According to IFI, the paper published in the Journal of Fish Diseases "concurs with previously published international research" that it says establishes an incontrovertible link between fish farm developments and negative effects on local wild salmon numbers, as previously reported on Afloat.ie.

It adds that "the debate can now progress to identify the best methodologies to reduce or eliminate this impact" as well as moves on "the issue of escaped farmed salmon".

In a statement on the new paper, IFI says the research "identified that just under 40% of released juvenile salmon showed a significant difference in return rate between sea lice ‘treated’ and ‘non-treated’ groups, indicating that mortality from sea lice is significant in 40% of the releases in the study. Unfortunately, there was a significant effect from sea lice in six different bays along the west coast over the study period.

"This recent study provides further evidence that salmon will be impacted by sea lice. The location of salmon farms in relation to salmon rivers and the control of sea lice prior to and during juveniles salmon migration to their high seas feeding ground is critical if wild salmon stocks are not to be impacted.

"The development of resistance to chemical treatment of sea lice and other fish husbandry problems, such as pancreas disease and amoebic gill disease, are likely to make effective sea lice control even more difficult in future years."

IFI also highlights the Norwegian government's concerns about the impact of sea lice and escaped farm salmon on wild salmon stocks.

The statutory body for the protection and conservation for Ireland's inland fisheries reiterated its support for "the development of a sustainable aquaculture industry" to "safeguard wild salmon and sea trout stocks into the future".

It adds that recommendations on the above issues have been made in its submission to the Department of the Marine on the Environmental Impact Statement regarding the proposed deep-sea organic salmon farm in Galway Bay, a scheme that has been the subject of controversy over recent months.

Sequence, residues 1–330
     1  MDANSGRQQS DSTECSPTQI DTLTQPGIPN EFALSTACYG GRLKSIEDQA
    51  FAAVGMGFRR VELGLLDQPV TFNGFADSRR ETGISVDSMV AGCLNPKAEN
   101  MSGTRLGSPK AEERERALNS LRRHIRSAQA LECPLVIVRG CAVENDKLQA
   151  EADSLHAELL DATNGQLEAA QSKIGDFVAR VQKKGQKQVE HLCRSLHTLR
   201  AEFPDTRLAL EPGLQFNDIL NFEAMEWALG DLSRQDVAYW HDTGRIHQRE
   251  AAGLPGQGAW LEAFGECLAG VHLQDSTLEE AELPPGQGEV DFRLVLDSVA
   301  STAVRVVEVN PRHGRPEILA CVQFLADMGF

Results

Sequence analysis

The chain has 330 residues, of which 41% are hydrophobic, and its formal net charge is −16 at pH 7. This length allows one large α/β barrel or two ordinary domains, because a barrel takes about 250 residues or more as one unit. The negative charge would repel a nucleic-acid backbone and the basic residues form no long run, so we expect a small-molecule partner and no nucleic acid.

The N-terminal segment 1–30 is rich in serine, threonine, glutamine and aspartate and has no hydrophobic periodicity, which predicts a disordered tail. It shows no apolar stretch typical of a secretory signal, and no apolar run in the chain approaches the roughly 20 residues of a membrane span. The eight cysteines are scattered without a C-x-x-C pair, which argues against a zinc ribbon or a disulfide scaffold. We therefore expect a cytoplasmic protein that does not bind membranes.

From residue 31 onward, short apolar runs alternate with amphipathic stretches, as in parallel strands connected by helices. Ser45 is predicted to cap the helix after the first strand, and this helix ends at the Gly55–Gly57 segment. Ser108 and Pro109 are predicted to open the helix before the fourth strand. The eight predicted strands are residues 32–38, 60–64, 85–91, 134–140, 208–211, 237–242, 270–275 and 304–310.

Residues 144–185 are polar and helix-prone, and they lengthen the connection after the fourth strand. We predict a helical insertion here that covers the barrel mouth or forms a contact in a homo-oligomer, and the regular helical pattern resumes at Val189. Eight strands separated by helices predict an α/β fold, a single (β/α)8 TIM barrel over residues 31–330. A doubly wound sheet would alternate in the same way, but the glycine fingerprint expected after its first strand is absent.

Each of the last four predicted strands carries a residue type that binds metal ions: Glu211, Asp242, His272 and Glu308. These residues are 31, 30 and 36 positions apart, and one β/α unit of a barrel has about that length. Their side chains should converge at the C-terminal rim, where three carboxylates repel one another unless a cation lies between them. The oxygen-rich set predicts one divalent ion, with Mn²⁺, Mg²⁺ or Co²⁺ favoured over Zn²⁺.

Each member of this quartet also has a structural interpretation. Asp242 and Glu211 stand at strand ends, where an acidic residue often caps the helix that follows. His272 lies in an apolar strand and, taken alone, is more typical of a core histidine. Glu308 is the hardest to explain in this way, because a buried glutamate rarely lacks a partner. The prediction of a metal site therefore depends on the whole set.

Published in Fishing

#FishFarm - RTÉ Radio 1's Morning Ireland reports on last night's public meeting in Galway on the proposed deep sea fish farm in Galway Bay.

As previously reported on Afloat.ie, the 500-hectare organic salmon farm proposed by Bord Iascaigh Mhara (BIM) would be located off Inis Oírr in the Aran Islands, and would be the largest of its kind in Europe, set to double the State's production rate of organic salmon.

BIM's aquaculture development manager Donal McGuire moved to reassure concerned locals that the agency was "not about to damage [its] reputation" by "doing something foolish or doing something that will cause serious environmental damage".

McGuire added that organic salmon is Ireland's leading organic food export but is in "very very short supply", and that business would be lost to producers in Scotland and Norway.

However, the scheme has faced strong opposition from fisheries groups and local anglers citing the potential environmental impact on wild salmon numbers and the threat to tourism in the area.

At last night's meeting, RTE's western correspondent Pat McGrath says just two of the more than 100 in attendance spoke in support of the fish farm plans.

Another public meeting on the proposals is scheduled for tonight in Rossaveal.

BIM is expected to hold a public tender process for the proposed salmon farm project pending approval by Marine Minister Simon Coveney.

Published in Fishing

#FishFarm - Two Irish fish farms were found to have consistently high levels of sea lice over the past six months, according to new figures.

Undercurrent News reports on findings by the Marine Institute which show that a farm owned by Marine Harvest Ireland at Lough Swilly and one operated by the Mannin Bay Salmon Company in Corhounagh were "found to have levels of sea lice which exceed the Marine Institute's protocol level of two pregnant female lice per fish."

Sea lice levels at the Lough Swilly site in particular climbed from an average of 4.35 per fish to a high of 71.72 in September before dropping to a still-high 44.88 last month.

A statement issued by Marine Harvest played down concerns over the new figures, noting that "treatment trigger levels are set a low level" in Ireland compared to other countries, and that it uses "tried and tested procedures" to deal with such infestations.